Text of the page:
How much speed do you need?
A faster memory card doesn’t necessarily make your camera work faster, and there’s more than one kind of ‘speed’…
Continuous shooting: maximum possible speed A faster memory card won’t let your Nikon shoot at a faster rate. The frame rate is fixed by the camera hardware. But the camera is saving images faster than it can write them to the memory card, so it saves them temporarily to an internal memory ‘buffer’ while it’s shooting. The faster the memory card, the longer it takes for this buffer to fill up, and the quicker it can empty the buffer when it’s full. So a faster card will let you shoot a longer burst, and it will reduce the delay before the camera is ready to start shooting again. The maximum speed rating of the memory card is a pretty good guide to how well it’s going to do this.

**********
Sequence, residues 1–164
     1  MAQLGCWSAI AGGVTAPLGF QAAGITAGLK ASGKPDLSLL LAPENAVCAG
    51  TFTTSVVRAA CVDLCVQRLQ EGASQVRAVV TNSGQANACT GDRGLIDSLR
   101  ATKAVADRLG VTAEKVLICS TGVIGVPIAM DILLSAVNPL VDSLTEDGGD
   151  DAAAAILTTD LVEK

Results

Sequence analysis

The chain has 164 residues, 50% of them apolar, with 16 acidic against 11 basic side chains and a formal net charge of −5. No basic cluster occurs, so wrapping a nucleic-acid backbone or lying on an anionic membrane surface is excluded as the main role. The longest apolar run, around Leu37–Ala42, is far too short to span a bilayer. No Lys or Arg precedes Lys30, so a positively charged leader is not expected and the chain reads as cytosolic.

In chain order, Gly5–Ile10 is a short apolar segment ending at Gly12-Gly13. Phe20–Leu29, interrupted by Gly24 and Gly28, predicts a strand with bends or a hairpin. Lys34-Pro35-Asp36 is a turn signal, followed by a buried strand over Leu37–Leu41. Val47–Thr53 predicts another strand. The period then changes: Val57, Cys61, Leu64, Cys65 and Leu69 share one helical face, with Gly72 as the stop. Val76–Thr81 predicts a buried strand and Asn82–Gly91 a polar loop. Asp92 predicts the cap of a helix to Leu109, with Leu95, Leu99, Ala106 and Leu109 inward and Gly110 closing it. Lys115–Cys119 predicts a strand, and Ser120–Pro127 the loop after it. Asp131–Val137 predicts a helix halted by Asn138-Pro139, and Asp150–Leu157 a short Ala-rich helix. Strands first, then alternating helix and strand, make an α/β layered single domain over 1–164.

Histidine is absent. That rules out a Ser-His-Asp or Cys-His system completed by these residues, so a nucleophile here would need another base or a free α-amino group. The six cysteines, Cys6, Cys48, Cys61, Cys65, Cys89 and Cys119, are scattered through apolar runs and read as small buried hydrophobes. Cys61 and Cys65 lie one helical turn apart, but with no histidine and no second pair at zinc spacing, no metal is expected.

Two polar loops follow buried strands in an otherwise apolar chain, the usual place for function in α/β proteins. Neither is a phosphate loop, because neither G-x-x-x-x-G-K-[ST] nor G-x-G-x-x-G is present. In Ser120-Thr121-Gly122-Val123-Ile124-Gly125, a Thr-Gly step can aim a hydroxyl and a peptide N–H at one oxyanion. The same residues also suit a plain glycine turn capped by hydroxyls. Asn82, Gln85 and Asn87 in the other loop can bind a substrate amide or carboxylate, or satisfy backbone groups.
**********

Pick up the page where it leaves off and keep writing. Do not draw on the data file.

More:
HD video: minimum sustained speed
When you shoot HD video, the camera has to write the data straight to the memory card in ‘real time’. If the minimum ‘sustained’ speed falls below a certain level, you get dropped frames in your footage. This is why SD/SDHC/ SDXC memory cards now have a ‘Class’ rating and some CF cards have VPG 20 (20MB per second, fine for amateur use) and VPG 65 (65MB per second, for pros) logos. A minimum sustained speed of 10MB per second is adequate for 1920 x 1080 full HD video, while 30MB per second is needed for the new 4K video standard, though no current Nikon D-SLRs shoot 4K video.